You CAN Teach an Old Dog New Tricks
(I just put the wantons in a muffin tin, fill and bring tops together then bake)
Egg Drop Soup
At one time, I used to find working with rice paper and wanton wrappers a little intimidating. But one fun filled cooking class with my Trio friends and voila! I am a certified rice paper wrapping, wanton wrapper folding fiend. I make this kind of lunch as often as I can and sharing it with friends just makes it better!
Do you know what you can learn? ANYTHING YOU WANT!
Would you like to know the optimal time to learn it? ANYTIME YOU WANT!
I recently had the opportunity to speak at convocation for Portage College in Lac La Biche, Alberta. My father was being awarded a posthumous honorary parchment in University Studies for personifying lifelong learning (he was a student there at age 75) and tirelessly encouraging his (much younger) classmates to finish their education despite doubt, hardship and full on adversity. It wasn’t necessarily his intellect that inspired such an award; it was his curiosity and interaction with others.
He was not afraid to learn about domestic pursuits like cooking (that must be where I get it!) and laundry. In the 80’s, I can remember him bringing home a cookbook on stir-fry’s, intrigued that he could fix such exotic culinary fare in his own kitchen. Once he discovered a penchant for cooking dinner, my mother excitedly stepped away from the stove – permanently. The only down side was you had to like green peppers. He put them in everything!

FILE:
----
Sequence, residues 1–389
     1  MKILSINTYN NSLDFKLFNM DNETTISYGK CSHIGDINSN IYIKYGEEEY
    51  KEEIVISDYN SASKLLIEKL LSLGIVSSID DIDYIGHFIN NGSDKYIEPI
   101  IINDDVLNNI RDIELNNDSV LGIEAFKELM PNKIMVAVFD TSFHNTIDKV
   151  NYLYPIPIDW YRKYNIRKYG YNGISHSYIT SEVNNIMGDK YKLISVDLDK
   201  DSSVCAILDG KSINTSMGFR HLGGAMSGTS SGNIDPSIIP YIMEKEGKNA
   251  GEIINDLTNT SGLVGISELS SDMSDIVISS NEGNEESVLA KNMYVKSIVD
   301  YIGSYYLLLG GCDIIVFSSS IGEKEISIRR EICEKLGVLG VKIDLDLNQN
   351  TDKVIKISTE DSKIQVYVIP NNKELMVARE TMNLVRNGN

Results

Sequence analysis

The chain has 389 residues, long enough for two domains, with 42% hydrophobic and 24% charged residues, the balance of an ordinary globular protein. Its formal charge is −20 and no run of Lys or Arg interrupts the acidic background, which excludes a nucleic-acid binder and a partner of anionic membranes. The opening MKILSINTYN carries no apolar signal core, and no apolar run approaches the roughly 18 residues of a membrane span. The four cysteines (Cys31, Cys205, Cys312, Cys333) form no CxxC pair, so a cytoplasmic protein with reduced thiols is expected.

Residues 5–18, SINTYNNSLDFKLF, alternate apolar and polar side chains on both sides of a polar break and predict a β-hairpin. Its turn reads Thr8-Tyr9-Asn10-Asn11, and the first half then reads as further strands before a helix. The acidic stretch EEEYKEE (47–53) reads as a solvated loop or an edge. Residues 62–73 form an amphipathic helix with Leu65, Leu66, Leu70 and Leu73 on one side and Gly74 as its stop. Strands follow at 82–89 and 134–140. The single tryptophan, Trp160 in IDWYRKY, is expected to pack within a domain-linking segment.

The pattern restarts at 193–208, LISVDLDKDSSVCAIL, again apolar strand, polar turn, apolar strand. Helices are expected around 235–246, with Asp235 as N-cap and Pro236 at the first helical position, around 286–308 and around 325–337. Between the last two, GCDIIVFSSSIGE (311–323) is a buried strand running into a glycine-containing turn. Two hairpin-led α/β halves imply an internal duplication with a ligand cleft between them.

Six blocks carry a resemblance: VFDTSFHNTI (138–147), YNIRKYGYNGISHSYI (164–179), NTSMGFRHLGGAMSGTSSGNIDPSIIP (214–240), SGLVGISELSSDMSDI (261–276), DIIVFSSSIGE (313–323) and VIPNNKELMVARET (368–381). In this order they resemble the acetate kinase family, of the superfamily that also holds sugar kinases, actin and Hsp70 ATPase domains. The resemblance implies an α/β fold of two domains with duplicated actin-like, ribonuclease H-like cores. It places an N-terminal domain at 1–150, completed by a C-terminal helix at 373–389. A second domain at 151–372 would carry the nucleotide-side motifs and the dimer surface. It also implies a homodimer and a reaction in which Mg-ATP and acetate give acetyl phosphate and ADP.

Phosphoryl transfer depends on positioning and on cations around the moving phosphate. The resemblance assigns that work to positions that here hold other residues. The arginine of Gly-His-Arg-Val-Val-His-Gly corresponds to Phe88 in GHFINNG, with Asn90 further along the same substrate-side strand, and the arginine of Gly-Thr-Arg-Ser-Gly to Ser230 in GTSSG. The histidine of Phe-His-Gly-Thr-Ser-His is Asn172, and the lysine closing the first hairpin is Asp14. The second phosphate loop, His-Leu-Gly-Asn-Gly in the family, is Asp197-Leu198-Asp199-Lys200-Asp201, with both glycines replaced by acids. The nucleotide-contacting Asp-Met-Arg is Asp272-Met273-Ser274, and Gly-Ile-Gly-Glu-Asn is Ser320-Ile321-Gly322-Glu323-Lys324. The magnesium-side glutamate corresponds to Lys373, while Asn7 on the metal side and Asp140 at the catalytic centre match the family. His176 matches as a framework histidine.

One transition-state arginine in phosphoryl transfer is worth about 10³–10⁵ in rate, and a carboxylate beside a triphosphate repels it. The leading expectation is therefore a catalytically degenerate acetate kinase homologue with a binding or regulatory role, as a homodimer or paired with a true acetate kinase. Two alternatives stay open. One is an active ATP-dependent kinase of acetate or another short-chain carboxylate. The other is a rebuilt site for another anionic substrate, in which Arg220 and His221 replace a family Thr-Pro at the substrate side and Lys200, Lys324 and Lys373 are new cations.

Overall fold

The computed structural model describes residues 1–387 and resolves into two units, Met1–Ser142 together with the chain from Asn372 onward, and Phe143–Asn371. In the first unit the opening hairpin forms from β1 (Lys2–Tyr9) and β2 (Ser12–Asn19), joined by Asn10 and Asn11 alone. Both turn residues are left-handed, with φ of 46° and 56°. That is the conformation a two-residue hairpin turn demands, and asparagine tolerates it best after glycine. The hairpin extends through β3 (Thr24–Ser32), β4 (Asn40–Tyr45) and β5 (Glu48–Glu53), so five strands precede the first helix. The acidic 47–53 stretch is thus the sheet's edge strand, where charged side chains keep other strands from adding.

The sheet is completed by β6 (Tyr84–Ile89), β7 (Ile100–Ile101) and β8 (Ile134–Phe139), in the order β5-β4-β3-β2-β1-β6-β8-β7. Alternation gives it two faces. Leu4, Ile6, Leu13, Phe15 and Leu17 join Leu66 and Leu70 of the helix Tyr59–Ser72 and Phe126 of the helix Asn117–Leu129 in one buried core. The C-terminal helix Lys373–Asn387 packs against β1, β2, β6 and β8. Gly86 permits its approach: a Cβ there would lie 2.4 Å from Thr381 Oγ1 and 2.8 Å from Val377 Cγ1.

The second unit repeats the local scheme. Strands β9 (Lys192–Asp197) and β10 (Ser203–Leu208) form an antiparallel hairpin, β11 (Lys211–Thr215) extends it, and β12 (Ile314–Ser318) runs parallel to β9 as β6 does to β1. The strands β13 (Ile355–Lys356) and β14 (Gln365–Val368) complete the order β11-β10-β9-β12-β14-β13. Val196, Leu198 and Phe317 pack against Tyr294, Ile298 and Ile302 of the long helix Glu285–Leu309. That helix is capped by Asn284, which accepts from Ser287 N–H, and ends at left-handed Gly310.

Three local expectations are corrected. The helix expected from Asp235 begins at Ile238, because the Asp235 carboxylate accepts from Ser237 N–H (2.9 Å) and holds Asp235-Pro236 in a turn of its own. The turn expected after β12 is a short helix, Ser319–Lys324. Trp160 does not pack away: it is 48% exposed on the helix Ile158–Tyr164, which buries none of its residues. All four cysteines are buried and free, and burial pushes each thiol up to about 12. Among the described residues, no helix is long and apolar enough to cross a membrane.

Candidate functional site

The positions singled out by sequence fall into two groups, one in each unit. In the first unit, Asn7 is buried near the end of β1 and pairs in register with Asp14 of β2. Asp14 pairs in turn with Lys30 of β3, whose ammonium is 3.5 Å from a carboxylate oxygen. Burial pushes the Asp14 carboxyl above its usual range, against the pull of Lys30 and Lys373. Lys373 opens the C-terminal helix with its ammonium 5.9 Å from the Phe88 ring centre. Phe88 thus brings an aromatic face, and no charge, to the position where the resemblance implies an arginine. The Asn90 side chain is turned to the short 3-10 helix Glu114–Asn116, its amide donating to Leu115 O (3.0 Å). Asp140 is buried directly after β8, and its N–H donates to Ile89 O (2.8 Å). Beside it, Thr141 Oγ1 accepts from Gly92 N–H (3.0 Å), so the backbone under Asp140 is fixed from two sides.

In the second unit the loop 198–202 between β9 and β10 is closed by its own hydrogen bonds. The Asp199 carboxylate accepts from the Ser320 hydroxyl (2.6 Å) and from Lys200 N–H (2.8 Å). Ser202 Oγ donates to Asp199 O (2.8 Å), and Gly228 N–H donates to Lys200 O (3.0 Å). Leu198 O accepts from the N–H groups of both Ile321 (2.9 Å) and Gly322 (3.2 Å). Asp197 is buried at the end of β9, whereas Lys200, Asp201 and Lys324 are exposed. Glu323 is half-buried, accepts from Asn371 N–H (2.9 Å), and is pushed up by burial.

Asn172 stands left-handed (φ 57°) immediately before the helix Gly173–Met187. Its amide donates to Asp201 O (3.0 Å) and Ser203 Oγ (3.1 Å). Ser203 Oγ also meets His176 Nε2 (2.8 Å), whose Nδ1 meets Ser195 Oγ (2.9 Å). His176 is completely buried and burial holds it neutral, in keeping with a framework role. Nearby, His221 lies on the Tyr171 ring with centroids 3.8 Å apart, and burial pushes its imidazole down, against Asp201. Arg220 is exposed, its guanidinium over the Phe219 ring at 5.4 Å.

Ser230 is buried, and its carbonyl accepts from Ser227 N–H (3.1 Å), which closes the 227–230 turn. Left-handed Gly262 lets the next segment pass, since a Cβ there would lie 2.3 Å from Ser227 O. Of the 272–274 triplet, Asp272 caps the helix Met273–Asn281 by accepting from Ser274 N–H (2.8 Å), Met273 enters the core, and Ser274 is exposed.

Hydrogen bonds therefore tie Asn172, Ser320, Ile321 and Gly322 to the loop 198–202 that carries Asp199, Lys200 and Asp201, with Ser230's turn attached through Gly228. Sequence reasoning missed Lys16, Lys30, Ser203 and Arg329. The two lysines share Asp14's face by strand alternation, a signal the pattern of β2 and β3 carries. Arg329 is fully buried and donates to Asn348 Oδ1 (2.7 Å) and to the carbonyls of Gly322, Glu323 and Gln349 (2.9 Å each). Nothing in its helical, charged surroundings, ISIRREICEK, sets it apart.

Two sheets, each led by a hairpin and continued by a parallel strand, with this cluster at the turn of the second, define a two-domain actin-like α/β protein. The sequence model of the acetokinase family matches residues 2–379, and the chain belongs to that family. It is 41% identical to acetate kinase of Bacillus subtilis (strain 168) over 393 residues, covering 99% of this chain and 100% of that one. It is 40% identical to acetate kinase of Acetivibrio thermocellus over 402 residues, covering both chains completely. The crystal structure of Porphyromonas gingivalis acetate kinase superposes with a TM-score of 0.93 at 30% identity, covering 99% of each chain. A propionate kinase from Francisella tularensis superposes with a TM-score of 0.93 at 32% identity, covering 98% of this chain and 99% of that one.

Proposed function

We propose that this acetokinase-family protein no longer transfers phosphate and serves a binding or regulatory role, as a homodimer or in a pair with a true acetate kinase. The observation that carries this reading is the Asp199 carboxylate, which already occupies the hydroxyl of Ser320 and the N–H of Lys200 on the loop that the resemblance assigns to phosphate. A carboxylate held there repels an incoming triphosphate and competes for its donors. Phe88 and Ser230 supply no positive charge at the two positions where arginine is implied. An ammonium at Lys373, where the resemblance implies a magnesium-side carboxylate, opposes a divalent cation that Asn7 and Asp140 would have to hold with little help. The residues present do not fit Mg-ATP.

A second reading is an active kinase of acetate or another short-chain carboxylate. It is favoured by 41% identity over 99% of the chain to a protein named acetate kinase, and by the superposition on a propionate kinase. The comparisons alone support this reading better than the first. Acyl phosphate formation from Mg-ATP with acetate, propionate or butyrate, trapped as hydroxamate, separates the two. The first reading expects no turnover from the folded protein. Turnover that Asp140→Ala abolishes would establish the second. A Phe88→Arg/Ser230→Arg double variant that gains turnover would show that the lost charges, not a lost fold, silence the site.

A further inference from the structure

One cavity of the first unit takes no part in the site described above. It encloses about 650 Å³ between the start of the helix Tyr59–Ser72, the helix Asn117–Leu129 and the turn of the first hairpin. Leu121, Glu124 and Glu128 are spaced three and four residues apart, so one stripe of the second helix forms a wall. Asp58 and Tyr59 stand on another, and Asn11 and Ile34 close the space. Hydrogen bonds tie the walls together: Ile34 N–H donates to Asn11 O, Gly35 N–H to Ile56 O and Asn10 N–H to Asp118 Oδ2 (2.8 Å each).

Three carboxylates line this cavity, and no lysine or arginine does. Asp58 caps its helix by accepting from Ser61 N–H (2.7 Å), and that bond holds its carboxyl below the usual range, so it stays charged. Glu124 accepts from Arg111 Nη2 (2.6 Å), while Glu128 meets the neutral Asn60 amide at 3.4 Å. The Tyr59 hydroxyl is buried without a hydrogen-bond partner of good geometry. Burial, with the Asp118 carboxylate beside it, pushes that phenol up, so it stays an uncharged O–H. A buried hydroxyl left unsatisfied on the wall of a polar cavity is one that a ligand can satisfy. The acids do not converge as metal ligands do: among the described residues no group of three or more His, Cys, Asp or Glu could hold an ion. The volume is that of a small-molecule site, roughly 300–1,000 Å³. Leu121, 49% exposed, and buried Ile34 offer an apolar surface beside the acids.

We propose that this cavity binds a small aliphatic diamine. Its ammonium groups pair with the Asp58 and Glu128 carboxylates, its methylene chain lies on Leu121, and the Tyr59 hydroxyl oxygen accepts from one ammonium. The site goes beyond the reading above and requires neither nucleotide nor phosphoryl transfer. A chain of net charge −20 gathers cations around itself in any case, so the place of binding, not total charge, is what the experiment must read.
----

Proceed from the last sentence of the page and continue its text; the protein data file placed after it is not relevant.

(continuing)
And his laundry skills were legendary. He would brag that he could get the stains out of anything. His methods may have been dated – and potentially hazardous – but he did it. It was probably that Eagle Scout training. I just use Oxy-clean.
But above all the trivial pursuits, he attacked life with a gregarious and outgoing nature. He understood that learning happens not only through books but through curiosity and human connection.
Whether it’s hanging out with friends, traveling with our families, or just taking in the wonder of an ordinary day, growing and learning from these experiences is up to us.
So don’t forget to look up from your texting and googling once in a while.
Your legacy is not encrypted in a digital code, the number of views you receive nor can it be summed up in a hashtag.
Your legacy is what people will remember about the way you actually spoke to them, treated them, and loved them.
When you chose to know more, you do more.
And as Maya Angelou once said, “When you know better, you do better.”
That applies to life…and working with rice paper.
Peace and Light,
The Busy Buddha